3. Honestly, I don’t have a favorite book, but everyone always assumes I’m going to say The Bible, which is a great answer!

Erin Ketch, English Teacher and Sophomore Student Council Moderator 

1. The Great Believers by Rebecca Makkai, and There, There by Tommy Orange.
2. The Great Believers is a fictional story set in the midst of a messy historic moment — the AIDS crisis of the 1980s — and really gives that moment life and humanity.
3. The Poisonwood Bible by Barbara Kingsolver. It is historical fiction that follows an American missionary family’s journey through Africa over many decades. When I first read it as a teenager, it opened my eyes to how much of the world I didn’t know, and didn’t understand.

Beth Marshall, English Teacher and Mock Trial Moderator 

1. Hide by Lisa Gardner; So you want to talk about race by Ijeoma Oluo; Gratefulness: The Habit of a Grace-Filled Life by Susan Annette Muto; and The Glass Castle by Jeannette Walls.
2. So you want to talk about race offers a clear, honest examination of the current racial landscape in America, addressing uncomfortable topics that desperately need to be addressed. I appreciate Oluo’s fearless commentary and story sharing.
3. An Old Fashioned Girl by Louisa May Alcott. It’s my “macaroni and cheese” feel good book from a simpler time, and I love Alcott’s sensible approach to parenting and growing up that comes through in the story.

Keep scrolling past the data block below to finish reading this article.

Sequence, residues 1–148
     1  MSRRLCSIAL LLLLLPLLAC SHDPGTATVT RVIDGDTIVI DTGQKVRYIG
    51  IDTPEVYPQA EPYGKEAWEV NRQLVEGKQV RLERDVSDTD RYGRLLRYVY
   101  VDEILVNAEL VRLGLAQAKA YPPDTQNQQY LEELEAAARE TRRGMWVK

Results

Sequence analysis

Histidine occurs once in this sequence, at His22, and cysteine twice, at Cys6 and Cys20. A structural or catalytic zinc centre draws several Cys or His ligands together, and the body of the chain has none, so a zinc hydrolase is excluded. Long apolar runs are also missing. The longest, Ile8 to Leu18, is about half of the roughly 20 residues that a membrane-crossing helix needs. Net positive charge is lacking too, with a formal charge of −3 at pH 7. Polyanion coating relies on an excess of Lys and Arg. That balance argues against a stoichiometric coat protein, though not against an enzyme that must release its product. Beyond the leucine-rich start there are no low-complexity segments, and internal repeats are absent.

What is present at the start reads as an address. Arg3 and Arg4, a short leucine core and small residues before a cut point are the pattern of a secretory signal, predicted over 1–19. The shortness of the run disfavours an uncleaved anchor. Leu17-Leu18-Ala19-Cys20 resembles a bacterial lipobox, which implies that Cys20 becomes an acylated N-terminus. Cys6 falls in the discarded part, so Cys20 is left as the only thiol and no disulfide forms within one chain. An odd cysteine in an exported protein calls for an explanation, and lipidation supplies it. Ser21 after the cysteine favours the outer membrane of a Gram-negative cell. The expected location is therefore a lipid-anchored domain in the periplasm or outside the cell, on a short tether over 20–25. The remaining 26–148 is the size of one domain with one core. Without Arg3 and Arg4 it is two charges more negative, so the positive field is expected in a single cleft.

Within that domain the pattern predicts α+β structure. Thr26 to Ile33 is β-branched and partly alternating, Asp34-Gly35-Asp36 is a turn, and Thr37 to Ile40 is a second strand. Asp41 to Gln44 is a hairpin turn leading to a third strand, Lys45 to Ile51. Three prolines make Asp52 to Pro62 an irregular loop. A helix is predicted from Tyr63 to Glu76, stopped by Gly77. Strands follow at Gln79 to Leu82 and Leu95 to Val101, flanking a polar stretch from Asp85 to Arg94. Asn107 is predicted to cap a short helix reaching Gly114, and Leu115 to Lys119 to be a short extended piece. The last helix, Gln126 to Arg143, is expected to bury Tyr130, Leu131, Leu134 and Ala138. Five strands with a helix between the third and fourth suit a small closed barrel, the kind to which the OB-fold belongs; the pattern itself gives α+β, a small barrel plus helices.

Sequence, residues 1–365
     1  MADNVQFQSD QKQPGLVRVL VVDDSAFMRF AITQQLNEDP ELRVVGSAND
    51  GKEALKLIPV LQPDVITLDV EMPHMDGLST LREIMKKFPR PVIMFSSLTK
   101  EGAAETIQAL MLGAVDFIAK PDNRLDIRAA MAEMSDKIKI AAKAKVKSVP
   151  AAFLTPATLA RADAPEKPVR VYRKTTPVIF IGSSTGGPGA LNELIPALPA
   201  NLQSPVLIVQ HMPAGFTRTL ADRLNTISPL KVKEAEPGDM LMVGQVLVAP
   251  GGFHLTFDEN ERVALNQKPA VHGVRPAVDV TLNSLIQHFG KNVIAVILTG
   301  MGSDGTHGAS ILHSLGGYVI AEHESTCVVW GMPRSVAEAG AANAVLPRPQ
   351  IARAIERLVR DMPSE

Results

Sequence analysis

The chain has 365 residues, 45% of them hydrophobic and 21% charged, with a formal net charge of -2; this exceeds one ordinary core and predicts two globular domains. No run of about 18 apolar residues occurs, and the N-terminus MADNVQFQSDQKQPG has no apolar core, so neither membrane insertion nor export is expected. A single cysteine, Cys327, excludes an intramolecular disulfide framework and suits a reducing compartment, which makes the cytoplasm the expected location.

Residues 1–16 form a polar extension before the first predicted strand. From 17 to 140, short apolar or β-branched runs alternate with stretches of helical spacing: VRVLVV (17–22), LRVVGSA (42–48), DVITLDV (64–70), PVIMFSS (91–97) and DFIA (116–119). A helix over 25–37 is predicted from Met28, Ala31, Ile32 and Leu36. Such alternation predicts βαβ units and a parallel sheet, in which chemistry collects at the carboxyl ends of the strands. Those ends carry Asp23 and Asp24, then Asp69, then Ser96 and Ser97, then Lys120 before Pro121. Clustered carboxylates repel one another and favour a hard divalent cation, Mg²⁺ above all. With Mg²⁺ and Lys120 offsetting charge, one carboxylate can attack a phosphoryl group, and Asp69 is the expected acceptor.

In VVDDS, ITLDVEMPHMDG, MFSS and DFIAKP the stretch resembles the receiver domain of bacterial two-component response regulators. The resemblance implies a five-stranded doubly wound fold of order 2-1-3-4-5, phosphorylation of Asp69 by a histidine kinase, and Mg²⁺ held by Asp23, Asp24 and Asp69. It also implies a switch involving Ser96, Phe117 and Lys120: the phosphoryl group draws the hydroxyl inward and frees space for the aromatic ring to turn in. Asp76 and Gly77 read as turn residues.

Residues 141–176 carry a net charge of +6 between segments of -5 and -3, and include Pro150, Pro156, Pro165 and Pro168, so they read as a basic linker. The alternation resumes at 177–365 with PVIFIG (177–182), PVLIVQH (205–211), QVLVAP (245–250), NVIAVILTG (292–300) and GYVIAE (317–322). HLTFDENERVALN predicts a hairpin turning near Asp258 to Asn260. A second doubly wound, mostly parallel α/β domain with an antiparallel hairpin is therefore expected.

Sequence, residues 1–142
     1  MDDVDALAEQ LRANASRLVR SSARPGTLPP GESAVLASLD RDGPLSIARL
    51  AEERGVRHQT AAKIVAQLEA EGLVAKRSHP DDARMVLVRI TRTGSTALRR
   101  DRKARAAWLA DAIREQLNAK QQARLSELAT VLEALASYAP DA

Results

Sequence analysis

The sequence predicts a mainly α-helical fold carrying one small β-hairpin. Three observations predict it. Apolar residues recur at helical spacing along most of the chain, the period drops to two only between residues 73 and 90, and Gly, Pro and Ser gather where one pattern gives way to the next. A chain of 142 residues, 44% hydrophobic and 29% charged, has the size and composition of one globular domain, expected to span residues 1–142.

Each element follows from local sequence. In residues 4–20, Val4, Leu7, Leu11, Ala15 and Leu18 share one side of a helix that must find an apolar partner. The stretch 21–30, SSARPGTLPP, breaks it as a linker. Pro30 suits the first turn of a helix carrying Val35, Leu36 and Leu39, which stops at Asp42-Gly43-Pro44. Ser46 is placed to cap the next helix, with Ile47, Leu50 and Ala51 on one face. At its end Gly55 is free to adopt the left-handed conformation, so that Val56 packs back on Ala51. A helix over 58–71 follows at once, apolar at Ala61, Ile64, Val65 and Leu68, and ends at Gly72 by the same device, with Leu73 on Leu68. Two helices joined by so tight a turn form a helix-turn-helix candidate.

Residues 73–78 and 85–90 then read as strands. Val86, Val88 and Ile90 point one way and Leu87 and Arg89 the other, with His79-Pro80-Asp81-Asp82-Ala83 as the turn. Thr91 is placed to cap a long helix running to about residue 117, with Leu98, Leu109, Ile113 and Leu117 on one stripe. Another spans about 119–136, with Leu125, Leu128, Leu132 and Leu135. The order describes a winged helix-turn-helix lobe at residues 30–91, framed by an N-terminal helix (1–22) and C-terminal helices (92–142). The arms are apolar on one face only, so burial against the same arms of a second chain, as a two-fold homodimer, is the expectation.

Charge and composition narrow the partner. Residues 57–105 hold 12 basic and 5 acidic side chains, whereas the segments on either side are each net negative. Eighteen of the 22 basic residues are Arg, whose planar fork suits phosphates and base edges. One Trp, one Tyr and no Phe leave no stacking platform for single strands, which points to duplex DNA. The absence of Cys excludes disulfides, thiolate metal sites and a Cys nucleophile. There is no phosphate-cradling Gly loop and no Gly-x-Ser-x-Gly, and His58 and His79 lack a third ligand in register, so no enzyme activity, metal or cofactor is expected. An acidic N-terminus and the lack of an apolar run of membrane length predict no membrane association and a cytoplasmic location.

Dan Meixner ‘84, President 

1. The Color of Law by Richard Rothstein outlines the manner by which policies and laws of local and national government created segregated neighborhoods in cities all over the nation.
2. The Color of Law makes the reader reflect on our past and the challenges to create stronger communities today.
3. The Frontiersmen by Allen W. Eckert, traces the history of settlement of Ohio, Kentucky, and Indiana in the late 1700s and early 1800s. Interesting to learn how Ohio cities, towns, rivers, and other landmarks got their names

Jim Sparrow, Social Studies Teacher and Quiz Bowl Moderator 

1. The Judas Window by Carter Dickson
2. It is a classic locked room mystery and I am very partial to those.
3. The Caine Mutiny by Herman Wouk. It can be read as a war story, or a love story, or a coming of age story

Sister Nicole Trahan, FMI, Ministry and Service Minister 

1. The Brothers Karamazov by Fyodor Dostoevsky.
2. So many people I respect have mentioned this book as being important to them and their understanding of humanity and God. I do like the book, but it took me several weeks to get to a point that I could enjoy it. This is the longest it’s taken me to read a book - both because of its length (over 1000 pages) and because I keep putting it down for weeks at a time. So, it is not a page turner, by any means. But I do feel it’s worth the time. There is one part in particular in which one of the characters discusses his views on God, love, and human nature. It was very thought-provoking.
3. The Bluest Eye by Toni Morrison. She is a powerful story-teller and the story was one to which I could relate. It shook me to my core.

Posted July 11, 2019